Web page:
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Safety & Emergency Information
Sexual Harassment and Sexual Assault
Sexual Harassment

LMC is committed to providing a positive environment and educational experience for students. The College has clearly stated policies and procedural options that are available to students outlined in the College Catalog, Handbook and on the website to address academic and nonacademic disciplinary and behavioral type issues. Grievance procedures related to sexual harassment, civil rights, Title IX, and disability concerns can be found in the College Policies section of the College catalog or directed to the Assistant Director of Human Resources and Diversity in room A-305, (269) 927-8102.

Sexual harassment is a form of gender discrimination and violates the law. It includes unwanted touching, requests for sexual favors, sexually suggestive comments or remarks, and other conduct that unreasonably interferes with a person’s performance or creates an “intimidating, hostile, or offensive working environment,” encompassing the classroom/ learning environment.

Any threat or suggestion that your job, grade, evaluation, or opportunity in a course is based on submission to or rejection of requests for sexual favors is sexual harassment. Under no circumstances should your opportunity for employment, professional development, financial, academic, or counseling assistance be linked to acceptance or rejection of sexual conduct.

Each of us deserves to be treated equally at work and in the classroom, regardless of our gender.

How Do I Know If I Am Being Sexually Harassed?
People who are harassed sometimes wonder if the harassment is “serious” or if they did something personally to provoke the problem. They may hesitate to report the harasser for fear that others will “laugh it off” or blame them for their conduct.

If the harasser’s behavior makes you feel anxious, angry, frustrated, resentful, helpless, or depressed, then the problem is serious, regardless of the nature of the behavior in question. Trust your thoughts and your feelings.

If something “doesn’t seem right” to you, then it probably isn’t.

Warning Signals
Thoughts like these often accompany sexual harassment:

  • Why me? What did I do?
  • I can’t believe this is happening to me.
  • I wish I could make it stop.
  • If I say anything, everyone will think I’m crazy.
  • I hate you!
  • What’s going to happen next?

Changing your habits, going out of your way to avoid meeting a certain person, dreading going to class or work—these are all signs of harassment.

Let Someone Know
Some people think that sexual harassment is just a fact of life. They believe that nothing can be done about it, so it’s useless to complain. They may also fear retaliation or personal embarrassment if they make a complaint.

Lake Michigan College prohibits sexual harassment in its employment practices and in its educational programs and special events. If you are experiencing sexual harassment at LMC, we want to know about it! We will help resolve the problem promptly and confidentially.

What Can I Do?
Title IX of the Education Amendments of 1972 and Title VI and Title VII of the Civil Rights Act of 1964 protect you from sexual harassment. In addition, Lake Michigan College has a policy strictly forbidding sexual harassment in any of its employment and educational practices. This policy protects students of Lake Michigan College as well as employees of Lake Michigan College. If a person’s behavior makes you feel uncomfortable, you must let that person know it does, either by telling them or asking them to stop the behavior. If concerns continue, contact the assistant director of human resources and diversity, room A305, (269) 927-8102.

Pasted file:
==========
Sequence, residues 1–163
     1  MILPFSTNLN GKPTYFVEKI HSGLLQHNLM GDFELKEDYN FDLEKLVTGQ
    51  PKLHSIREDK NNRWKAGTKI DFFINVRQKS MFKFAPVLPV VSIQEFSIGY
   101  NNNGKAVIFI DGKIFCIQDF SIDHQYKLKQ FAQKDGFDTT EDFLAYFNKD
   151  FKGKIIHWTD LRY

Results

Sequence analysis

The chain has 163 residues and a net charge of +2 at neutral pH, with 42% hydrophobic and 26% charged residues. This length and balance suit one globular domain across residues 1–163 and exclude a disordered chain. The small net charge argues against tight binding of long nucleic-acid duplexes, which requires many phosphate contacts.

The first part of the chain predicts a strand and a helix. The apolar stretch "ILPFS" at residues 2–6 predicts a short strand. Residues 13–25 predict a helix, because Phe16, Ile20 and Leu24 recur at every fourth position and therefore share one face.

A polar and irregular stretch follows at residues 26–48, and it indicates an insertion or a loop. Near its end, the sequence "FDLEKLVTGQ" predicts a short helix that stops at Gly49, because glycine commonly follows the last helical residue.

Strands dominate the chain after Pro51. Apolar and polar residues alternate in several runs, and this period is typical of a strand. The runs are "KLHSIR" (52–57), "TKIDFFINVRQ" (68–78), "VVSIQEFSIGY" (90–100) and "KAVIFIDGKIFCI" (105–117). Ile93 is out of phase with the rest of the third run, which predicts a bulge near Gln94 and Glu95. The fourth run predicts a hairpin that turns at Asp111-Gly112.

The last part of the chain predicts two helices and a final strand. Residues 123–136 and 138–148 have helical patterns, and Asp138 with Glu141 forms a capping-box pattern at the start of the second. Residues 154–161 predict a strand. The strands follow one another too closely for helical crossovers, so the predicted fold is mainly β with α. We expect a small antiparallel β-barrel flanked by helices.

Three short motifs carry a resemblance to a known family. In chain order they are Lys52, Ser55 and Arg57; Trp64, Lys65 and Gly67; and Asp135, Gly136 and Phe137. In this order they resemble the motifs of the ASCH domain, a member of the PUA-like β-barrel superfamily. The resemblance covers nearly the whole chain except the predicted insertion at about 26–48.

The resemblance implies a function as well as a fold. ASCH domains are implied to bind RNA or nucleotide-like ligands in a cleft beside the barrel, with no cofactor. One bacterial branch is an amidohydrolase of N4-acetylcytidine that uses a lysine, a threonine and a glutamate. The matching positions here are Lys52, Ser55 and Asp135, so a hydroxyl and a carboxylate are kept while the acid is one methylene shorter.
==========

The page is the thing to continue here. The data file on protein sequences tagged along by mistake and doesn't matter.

Sexual Assault

Sexual assault happens without your consent. It is unwanted physical contact of a sexual nature regardless of the amount of physical force used. It may follow sexual harassment, or be accompanied by harassment. What is important to remember is that if you did not give your consent for the physical contact, it is assault and you must let someone know.

Lake Michigan College has strict policies against sexual harassment, and the College applies these policies to sexual assault. Sexual assault is a criminal offense and should be reported to the police as well as to the Public Safety Director/Evening Administrator, or the Affirmative Action Officer. Emergency phone numbers for both on and off campus are listed in the front of this book and can be used in the case of sexual assault.


If You Are Assaulted
Please call the police and report the assault. Calling the police does not mean you need to press charges and testify at a trial. The police will help you get medical attention you need.

Please call one of the emergency numbers at Lake Michigan College. We cannot use our policies to protect you if we do not know what has happened. We need you to report the assault.

Thoughts For The Victim
What happened to you was horrible. It was frightening. It was not your fault. You are not to blame for this. You did not want this. Someone took control and forced this on you. You did not give your consent. You are a good person. No one had the right to do that to you. You are the victim of a crime.

You are not going crazy. Almost any reaction you have is normal and valid. You have every right to scream, cry, and be upset. You deserve the best professional help you can get—ask for it and keep asking until someone listens.

Some people may not understand what has happened to you. These people may hurt your feelings or make you feel badly. Stay away from these people until you are better. Take care of yourself; you will recover in your own way and in your own time. Employees are encouraged to contact LMC’s Employee Assistance Plan at any time such as this, where immediate counseling is required.

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